BSO Network Solutions is planning to extend its low latency trading network into South America, implement its cloud-based trading infrastructure platform within exchanges, and provide a MiFID II compliant time stamping solution.
While the company is building out its business with services and solutions, its career started in connectivity, when college friends Michael Ourabah and Charles-Antoine Beyney decided to build a global network. Based in Paris, they started with a metro network for the city before moving on to connect 12 data centre using leased lines. Clients in France encouraged them to build connectivity to London, Amsterdam, Frankfurt, New York and Toronto. A year later, in 2004, and still in college, Ourabah and Beyney had achieved revenue of €1 million and decided they needed to set up a business with a strategy.
BSO Network Solutions opened its first office in Paris in 2004, a second office in London in 2007 and has since gone on to open offices in New York and Hong Kong. Its aim was, and still is, to help trading clients reach emerging markets such as Tokyo, Mumbai, Dubai and Johannesburg at exceptional low-latency speeds. It also covers more commoditised routes such as London to New York and New York to Chicago to ensure a complete route.
Ourabah explains: “Soon after we opened our London office, financial firms began to move into algo and high frequency trading. We saw this coming, but the big telecom operators weren’t ready, they had low-latency routes but they were not built specifically for finance customers. Our IP is knowledge of all the fibre in the world, which means we can deploy the best low-latency networks for algo and high frequency traders in the financial community. We offer low-latency connectivity from established markets to exchanges in emerging markets, as well as services such as cloud computing and managed services that support clients’ trading infrastructure requirements.”
BSO Network Solutions has a global network of 75 data centres, points of presence in more than 35 countries and about 100 routes between them. It builds out its low-latency network by looking at the most direct routes to emerging markets’ exchanges and buys fibre from the best domestic providers, often using a number of carriers to reach venues such as Moscow or Mumbai. The company’s primary focus is on fibre and it does not invest heavily in ultra-low latency microwave networks, but it takes a tactical view and includes portions of wireless connectivity brought from other companies where necessary. It is also looking at the potential of millimetre wave technology to cover short distances.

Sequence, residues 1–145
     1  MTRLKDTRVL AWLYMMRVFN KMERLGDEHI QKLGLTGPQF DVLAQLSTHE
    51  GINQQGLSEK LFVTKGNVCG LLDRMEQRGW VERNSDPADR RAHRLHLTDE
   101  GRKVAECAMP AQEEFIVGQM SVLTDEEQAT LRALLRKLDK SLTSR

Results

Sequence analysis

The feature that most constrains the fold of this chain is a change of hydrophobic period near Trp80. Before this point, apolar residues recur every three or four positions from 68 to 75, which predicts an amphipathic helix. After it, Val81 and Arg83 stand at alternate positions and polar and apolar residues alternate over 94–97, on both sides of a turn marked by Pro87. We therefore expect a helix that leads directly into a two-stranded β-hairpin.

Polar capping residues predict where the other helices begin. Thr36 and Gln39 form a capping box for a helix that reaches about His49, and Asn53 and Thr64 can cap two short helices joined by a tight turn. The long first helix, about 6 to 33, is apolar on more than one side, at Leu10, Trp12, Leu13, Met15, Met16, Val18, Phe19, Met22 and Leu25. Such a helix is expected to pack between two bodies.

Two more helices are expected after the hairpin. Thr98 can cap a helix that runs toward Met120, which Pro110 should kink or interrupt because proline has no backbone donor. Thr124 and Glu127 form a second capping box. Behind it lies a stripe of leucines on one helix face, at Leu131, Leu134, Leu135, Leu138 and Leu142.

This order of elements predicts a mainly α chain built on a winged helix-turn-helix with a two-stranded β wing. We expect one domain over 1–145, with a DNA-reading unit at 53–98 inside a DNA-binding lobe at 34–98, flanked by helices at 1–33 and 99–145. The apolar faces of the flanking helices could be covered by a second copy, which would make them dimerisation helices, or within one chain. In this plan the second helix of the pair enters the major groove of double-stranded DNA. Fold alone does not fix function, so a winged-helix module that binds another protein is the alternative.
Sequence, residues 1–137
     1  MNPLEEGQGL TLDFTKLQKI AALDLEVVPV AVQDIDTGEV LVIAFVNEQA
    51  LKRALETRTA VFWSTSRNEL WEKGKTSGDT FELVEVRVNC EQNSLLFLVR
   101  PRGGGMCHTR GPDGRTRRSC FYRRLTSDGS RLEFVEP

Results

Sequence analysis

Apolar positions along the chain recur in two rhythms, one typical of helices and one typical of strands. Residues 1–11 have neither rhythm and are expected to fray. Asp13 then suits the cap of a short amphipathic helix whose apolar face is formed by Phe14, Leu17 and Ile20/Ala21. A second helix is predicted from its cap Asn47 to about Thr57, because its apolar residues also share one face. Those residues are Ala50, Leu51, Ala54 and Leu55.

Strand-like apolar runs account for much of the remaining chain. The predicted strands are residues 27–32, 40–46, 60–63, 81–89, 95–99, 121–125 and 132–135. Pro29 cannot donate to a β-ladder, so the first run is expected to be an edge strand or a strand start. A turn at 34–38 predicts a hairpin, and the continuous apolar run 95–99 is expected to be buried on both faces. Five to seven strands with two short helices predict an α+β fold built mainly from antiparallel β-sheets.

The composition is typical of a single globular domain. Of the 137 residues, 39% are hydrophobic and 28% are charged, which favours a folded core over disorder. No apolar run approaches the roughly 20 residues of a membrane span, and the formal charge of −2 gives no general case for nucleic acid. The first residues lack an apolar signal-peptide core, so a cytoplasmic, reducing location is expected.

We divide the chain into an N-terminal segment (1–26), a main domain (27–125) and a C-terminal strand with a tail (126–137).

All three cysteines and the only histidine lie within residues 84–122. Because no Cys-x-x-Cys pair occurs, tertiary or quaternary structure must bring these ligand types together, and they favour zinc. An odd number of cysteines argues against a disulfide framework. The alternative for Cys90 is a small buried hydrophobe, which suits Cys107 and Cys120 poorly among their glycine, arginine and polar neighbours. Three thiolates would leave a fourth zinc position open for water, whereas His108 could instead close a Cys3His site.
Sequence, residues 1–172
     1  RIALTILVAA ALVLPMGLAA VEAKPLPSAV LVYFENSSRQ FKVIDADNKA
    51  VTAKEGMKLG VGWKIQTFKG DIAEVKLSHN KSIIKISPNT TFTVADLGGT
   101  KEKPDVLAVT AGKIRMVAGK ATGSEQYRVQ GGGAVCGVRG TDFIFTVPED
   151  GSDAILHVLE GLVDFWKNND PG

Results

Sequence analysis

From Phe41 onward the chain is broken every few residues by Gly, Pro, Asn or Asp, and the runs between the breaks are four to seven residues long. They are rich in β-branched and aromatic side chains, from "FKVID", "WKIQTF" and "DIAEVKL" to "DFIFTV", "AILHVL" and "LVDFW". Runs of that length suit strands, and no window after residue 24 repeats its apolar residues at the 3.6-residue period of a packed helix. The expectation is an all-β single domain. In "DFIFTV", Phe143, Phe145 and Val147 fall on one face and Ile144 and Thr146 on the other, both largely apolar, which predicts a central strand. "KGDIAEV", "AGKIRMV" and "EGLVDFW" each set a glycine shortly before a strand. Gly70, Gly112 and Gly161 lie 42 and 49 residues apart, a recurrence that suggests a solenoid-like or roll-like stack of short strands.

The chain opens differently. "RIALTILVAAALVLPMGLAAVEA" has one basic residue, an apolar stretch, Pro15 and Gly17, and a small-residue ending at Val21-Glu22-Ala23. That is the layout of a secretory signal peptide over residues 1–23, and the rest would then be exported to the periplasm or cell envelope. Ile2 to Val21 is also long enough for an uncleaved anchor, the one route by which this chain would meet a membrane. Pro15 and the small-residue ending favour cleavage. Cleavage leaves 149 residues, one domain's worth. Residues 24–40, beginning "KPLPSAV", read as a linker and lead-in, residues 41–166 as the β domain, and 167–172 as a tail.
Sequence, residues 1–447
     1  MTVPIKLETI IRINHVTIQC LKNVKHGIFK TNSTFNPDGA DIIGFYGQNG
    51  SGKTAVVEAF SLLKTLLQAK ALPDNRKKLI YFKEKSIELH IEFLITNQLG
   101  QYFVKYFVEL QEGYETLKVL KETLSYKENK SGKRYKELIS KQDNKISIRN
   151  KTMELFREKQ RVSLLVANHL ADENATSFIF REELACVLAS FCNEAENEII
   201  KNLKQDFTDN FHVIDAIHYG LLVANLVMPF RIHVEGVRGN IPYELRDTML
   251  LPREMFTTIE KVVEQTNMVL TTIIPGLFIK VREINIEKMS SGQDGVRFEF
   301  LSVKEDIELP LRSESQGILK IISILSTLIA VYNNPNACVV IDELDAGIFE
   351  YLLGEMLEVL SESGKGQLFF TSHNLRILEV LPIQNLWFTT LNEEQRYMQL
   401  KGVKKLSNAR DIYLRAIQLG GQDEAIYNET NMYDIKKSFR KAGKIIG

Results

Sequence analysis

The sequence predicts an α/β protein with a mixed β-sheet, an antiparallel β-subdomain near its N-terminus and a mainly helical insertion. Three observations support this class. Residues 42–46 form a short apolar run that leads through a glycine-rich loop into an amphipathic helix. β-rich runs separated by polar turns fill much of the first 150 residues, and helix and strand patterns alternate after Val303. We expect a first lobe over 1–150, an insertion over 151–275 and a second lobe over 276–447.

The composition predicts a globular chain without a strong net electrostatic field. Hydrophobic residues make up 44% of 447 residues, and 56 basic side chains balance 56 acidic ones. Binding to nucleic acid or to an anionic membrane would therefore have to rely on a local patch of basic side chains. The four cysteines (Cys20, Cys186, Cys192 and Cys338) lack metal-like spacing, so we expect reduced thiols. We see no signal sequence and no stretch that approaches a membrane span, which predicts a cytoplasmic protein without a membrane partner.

While much of the company’s value is in its extensive network, building connectivity into emerging markets is not always easy. Ourabah says: “There is fibre in the ground everywhere, but operating it, connecting fibre belonging to competing companies and managing regulation is challenging. But this is what we do and we have enough clients to make sense of running the network. We also have enough scale to act as a barrier to entry for competitors.”
While BSO Network Solutions can offer lower speed than traditional carriers on some commodity low-latency trading routes, its specialism is in low-latency routes to and between emerging markets. By way of example, it offers round trips from Singapore to Sydney in 90.1 milliseconds, London to Tokyo in 156 milliseconds and London to
Mumbai in 109 milliseconds. Its clients include data vendors, trading solutions providers such as Fidessa and Ffastfill, and financial services firms including Rabobank and Tradition.
BSO Network Solutions’ next network extension is likely to be into South America, where it is looking at routes into Mexico, Argentina and Brazil. Ourabah comments: “There is fibre in the ground, we just have to find the best and build more where necessary. It usually takes about 18 months from deciding on a location to getting the network there.”
Looking forward, the company is planning to move its on demand cloud platform that provides firms with trading infrastructure and is implemented in data centres in New York, London, Paris, Hong Kong and Singapore into local exchanges. Ourabah says: “Many firms are hesitant about going into new markets because of the cost, but if they use our cloud solution they can do it at a nominal monthly fee. Firms can also test new strategies before moving them onto a production platform.”
Its plan for a time stamping solution that is compliant with MiFID II requirements brings together its networking and low latency capabilities to provide a complete time stamp and data retention solution that is expected to come to market within the next couple of months.
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